Melissa Maffeo Masicampo, PhD
Wake Forest University
I’m a mean teacher, its true. I trick my students all the time. I’ve given my students PTC paper to demonstrate bitter taste (I do warn them first, though). Once I encouraged a Pepsi vs. Coke taste-test and debate and got the students really riled up. The thing was, unbeknownst to them, both of the sodas they tasted were Coke. My biggest trick, though, is teaching students to use metacognitive strategies without them even knowing it. And I do it with zombie brains.
Zombies are the perfect model organism for studying neuroscience. In neuroscience, researchers will often manipulate the brain of a model organism like a rat or mouse, and then observe the behaviors through carefully planned testing. Zombie brains are already altered, and these alterations result in some very specific behaviors. Since we can’t get our hands on a real zombie to examine the actual underlying neural damage, we have to infer the damage through careful observations of their behavior. To provide one example, Voytek and Verstynen (2014) argue that, based on characteristics of movement, there are two subtypes of zombies. Type 1 zombies are the prototypical stiff-moving zombie with the slow, lumbering gait and wide-legged stance. And yet, they appear to have little to no trouble initiating or executing goal-directed movement. These zombies very likely have damage to regions of the cerebellum, leaving basal ganglia and cortical motor pathways largely intact. Conversely, Type II zombies can move very quickly and very little difficulty moving from victim to victim. From this motor behavior, we can infer that Type II zombies probably have little, if any, damage to motor areas of their brains. Voytek and Verstynen point out that any motor impairment of Type II zombies is probably more likely due to the fact that their arms and legs are rotting, rather than a specific neural deficit. Type II zombies, however, might lack attentional control, as they appear to move quickly from victim to victim, hardly devouring the first victim before shifting attention to the next.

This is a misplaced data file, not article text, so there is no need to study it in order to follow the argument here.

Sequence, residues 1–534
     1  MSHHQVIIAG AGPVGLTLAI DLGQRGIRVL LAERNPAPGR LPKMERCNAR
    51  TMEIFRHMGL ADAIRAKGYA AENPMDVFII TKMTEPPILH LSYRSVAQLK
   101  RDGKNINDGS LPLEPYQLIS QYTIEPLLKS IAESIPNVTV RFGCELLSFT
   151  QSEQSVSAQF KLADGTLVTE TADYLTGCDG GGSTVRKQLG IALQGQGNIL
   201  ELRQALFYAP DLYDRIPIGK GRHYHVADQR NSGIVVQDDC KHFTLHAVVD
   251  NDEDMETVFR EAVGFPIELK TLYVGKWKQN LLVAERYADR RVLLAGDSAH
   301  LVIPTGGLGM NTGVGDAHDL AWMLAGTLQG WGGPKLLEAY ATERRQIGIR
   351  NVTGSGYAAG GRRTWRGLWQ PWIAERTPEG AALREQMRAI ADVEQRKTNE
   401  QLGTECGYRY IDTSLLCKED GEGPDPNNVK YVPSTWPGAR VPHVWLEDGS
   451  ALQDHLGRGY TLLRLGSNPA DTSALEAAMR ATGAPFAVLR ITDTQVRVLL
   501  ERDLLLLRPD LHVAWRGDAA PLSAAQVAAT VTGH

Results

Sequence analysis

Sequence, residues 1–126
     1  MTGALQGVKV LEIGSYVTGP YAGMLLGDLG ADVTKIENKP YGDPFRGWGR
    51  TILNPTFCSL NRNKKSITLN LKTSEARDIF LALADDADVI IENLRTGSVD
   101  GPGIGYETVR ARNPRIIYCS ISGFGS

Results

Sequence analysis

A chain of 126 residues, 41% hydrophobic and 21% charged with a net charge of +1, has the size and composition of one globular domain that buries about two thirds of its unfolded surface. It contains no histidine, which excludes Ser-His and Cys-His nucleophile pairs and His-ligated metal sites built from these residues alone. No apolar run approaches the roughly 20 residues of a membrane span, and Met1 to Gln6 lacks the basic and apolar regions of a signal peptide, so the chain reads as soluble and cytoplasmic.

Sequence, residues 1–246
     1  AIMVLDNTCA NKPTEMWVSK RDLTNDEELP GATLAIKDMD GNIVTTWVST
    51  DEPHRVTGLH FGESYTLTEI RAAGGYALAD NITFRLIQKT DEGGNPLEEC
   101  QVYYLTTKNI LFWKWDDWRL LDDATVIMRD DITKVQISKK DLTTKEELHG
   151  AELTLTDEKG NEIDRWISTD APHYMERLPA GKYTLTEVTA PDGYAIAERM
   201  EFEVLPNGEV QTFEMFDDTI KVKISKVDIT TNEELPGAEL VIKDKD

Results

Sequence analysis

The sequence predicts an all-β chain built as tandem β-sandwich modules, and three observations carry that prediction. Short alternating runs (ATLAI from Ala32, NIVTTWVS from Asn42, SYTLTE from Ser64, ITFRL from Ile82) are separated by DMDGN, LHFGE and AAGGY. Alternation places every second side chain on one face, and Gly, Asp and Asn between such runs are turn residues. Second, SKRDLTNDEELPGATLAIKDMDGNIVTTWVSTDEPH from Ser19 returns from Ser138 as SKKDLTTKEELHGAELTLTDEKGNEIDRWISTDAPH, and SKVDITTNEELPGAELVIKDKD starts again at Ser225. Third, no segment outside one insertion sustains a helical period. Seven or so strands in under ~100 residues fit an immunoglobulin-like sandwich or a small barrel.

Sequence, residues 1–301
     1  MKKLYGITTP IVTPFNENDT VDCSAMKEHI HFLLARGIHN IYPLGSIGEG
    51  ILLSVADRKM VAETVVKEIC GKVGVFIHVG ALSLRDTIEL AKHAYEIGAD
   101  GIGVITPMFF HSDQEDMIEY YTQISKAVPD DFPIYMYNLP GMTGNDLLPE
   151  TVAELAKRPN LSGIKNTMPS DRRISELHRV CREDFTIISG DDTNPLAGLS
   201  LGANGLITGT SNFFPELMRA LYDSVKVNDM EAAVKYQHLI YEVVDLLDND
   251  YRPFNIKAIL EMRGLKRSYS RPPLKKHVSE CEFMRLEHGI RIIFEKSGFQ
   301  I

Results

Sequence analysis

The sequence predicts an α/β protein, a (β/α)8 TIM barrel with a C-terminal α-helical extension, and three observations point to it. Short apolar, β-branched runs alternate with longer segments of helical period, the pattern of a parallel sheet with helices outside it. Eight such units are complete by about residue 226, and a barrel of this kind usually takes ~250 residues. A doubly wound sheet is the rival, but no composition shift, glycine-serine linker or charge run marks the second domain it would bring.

Using zombie brains and behavior as a backdrop, my goal is to design engaging assignments that help students develop skills to become more efficient learners. Research shows that students who engage in metacognitive strategies, that is, students who learn how to learn, are much more poised to achieve learning outcomes for their courses (for review, see Brown, Roediger & McDaniel, 2014 and Lai, 2011). In this essay, I’d like to share some of these assignments that I’ve used in my classes. But first, I’d like you to imagine you are a student, sitting in your first biopsychology class. Your worst nightmare has come true – your university is now overrun with the flesh hungry undead. You know in your heart that you and your peers must not only learn biopsychology, but also master it, in order to find a cure for this awful affliction and save your campus. To do so, your professor unleashes her plan for training, practice, and ultimate mastery of both biopsychology and the apocalypse:
Strategic Planning Exercises. These weekly reflections are intended to be low stakes formative assignments that help students engage in metacognitive strategies. In this way, students can “strategically plan” for both the zombie apocalypse and for larger stakes assignments. In most semesters, there are four ways a student can complete their strategic planning:
Conduct a necropsy: Students had to find a zombie kill it, and bring it back to their lab for necropsy. After examining the brain, students should write a blog post about their observations. The blog post should describe a brain area or system, the role of that area/system in human behavior, and how it because dysregulated in the zombie brain to produce aberrant zombie behavior.
Video lab notebook: In a video lab notebook, students could video record themselves teaching a topic to me – but that catch is that they must do it with no notes.